Monday, August 12, 2019

Contribution of Tony Garnier and Le Corbusier Essay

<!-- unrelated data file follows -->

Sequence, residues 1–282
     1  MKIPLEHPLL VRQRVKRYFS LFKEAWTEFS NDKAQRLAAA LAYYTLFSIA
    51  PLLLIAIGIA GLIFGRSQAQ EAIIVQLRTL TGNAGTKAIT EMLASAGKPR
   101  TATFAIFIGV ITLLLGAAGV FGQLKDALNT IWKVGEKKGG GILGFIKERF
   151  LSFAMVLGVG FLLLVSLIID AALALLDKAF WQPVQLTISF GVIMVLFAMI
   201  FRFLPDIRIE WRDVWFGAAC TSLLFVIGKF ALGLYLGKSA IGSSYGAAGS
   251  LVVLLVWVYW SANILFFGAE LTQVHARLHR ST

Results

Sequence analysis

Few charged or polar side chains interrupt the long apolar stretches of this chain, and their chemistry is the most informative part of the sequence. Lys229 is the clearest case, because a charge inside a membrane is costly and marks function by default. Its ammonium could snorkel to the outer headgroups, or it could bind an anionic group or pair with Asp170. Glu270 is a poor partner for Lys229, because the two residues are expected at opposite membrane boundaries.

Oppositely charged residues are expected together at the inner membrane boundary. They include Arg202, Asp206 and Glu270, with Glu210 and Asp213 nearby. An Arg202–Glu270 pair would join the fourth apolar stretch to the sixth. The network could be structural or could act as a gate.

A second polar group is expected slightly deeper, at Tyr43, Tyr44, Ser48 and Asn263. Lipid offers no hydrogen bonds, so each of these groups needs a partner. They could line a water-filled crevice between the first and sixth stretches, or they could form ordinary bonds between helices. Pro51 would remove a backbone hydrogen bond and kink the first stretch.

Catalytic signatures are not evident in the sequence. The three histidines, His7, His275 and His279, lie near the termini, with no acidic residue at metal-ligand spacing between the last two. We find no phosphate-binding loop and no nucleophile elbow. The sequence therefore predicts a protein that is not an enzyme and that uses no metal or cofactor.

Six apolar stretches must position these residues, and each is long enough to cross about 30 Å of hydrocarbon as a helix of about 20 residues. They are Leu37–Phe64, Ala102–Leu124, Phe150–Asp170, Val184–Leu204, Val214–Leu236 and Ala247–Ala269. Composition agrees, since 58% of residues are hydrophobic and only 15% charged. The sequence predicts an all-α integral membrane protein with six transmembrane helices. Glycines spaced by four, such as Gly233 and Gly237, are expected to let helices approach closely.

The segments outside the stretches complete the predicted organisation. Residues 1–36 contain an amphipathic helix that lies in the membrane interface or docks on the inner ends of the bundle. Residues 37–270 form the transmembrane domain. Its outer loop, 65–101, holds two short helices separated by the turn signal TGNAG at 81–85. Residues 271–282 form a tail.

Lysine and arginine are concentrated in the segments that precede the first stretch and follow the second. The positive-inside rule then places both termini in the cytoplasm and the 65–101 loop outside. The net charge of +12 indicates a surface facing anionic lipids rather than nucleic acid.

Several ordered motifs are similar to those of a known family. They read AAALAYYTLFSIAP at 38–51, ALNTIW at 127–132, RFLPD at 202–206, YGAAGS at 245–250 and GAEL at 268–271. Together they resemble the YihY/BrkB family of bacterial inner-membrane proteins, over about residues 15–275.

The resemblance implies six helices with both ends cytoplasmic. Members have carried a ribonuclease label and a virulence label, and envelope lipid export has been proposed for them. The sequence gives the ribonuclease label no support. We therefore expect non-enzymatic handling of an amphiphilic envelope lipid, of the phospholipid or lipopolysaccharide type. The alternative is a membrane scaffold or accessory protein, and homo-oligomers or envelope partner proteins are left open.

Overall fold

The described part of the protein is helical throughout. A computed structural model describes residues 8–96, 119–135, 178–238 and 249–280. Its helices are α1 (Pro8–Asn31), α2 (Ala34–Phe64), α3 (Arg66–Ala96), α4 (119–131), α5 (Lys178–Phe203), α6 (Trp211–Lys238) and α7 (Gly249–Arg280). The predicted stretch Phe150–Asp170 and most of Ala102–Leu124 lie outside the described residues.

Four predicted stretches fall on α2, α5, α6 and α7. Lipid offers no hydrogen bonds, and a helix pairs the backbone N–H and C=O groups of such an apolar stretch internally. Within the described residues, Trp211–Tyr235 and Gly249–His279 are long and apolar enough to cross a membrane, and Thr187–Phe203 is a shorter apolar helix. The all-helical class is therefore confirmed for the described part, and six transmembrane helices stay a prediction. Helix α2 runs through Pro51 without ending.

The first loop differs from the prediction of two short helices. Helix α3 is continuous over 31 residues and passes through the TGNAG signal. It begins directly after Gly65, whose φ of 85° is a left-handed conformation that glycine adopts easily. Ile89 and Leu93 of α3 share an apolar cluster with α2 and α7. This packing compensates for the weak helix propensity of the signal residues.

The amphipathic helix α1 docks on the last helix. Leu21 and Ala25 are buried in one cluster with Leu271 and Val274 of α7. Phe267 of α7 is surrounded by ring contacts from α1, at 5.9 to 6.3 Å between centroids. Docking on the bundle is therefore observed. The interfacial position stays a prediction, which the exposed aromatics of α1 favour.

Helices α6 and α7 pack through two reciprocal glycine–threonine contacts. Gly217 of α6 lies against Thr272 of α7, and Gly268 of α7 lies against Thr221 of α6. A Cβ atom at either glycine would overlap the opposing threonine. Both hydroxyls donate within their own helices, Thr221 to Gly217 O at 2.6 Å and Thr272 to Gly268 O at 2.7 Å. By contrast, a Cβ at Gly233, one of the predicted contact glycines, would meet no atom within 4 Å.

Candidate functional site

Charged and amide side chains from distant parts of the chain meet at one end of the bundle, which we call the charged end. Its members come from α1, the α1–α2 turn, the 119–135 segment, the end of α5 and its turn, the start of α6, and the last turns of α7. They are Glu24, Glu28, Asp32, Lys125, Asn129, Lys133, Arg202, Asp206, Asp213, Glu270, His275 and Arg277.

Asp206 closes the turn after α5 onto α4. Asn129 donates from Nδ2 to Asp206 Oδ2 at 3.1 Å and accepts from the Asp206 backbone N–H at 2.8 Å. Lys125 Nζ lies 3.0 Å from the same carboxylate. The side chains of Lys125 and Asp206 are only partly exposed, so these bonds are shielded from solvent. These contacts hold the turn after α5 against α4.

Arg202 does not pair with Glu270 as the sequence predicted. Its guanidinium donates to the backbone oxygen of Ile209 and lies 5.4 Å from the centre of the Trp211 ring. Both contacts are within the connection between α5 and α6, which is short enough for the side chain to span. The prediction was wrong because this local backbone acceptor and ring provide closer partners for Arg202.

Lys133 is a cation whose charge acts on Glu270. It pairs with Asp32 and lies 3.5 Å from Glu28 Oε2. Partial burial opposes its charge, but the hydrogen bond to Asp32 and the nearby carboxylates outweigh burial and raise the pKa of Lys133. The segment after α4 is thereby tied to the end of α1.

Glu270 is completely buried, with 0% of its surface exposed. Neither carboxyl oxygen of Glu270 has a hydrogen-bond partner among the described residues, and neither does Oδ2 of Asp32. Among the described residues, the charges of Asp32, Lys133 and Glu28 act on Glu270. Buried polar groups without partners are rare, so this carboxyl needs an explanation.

Contribution of Tony Garnier and Le Corbusier - Essay Example Le Corbusier contributed to urban planning in a wide variety of contexts. One of his first forays into urbanism occurred during the 1920s when he was asked to develop structural ways of dealing with the growing squalor in the Parisian ghettos. Le Corbusier’s intention was to develop new ways of developing urban settings that would raise the quality of life for residents living in the region. Through a number of buildings and texts Le Corbusier would articulate a theory of urban planning that would become highly influential to 20th century urban planning. This theory was perhaps most comprehensively articulated in his five points on architecture. Within this approach the building structures would be lifted off the ground and walls that could be designed as the architect wished; he also made room for garden terraces and a view of the yard as a means of promoting improved atmosphere. In terms of specific influences, Le Corbusier is recognized as being among the first to recognize the importance of the automobile to 20th century planning. Within his theoretical work in this realm, Le Corbusier made great contributions to the notion of space as a shifting element of the contemporary world that individuals moved between. While this was initially an abstract notion, it would lead to urban developments in the construction of freeways and other pathways for automobiles. Even as Le Corbusier made great contributions to the theoretical development of the freeway system, his ideas did not go far enough in promoting modes of interaction within this space; as a result, later developers would have to change his theories to include exits and increased emphasis on interstate interaction. He is also credited as being among the first to theorize the contemporary city landscape, and many public housing designers in Europe and the United States have adopted his designs. His ideas oftentimes took the form of modernist notions wherein the messy urban landscape was replaced by well-designed and formed city-structures, with meticulously planned green areas. While these notions had great influence on later designers they also came under attack by theorists such as Jane Jacobs who argued that such design structures promoted stolid and boring social landscapes that were bad for modern living. Within the potential negative impacts Le Corbusier’s theories had was in its adoption by post World War II commercial real estate developers who sought artistic and intellectual justification for the construction of high efficiency housing domains that capitalized on land-use for the greatest potential profit. Tony Garnier’s contributions to 20th century urban planning came through a number of theoretical texts and planning projects that he undertook throughout his lifetimes. While his contributions span a wide range of mediums, his overarching theoretical approach is perhaps best articulated in the text Une Cite Industrialle (Hall 2002). In this text Garni er established the cultural context for his theories and linked 19th century planning techniques to the 20th century urban environment. Within the social climate of Garnier’s time were the prominent changes the Industrial Revolution had on daily existence. Among the most notable changes was the influx of individuals into city environments seeking work; this

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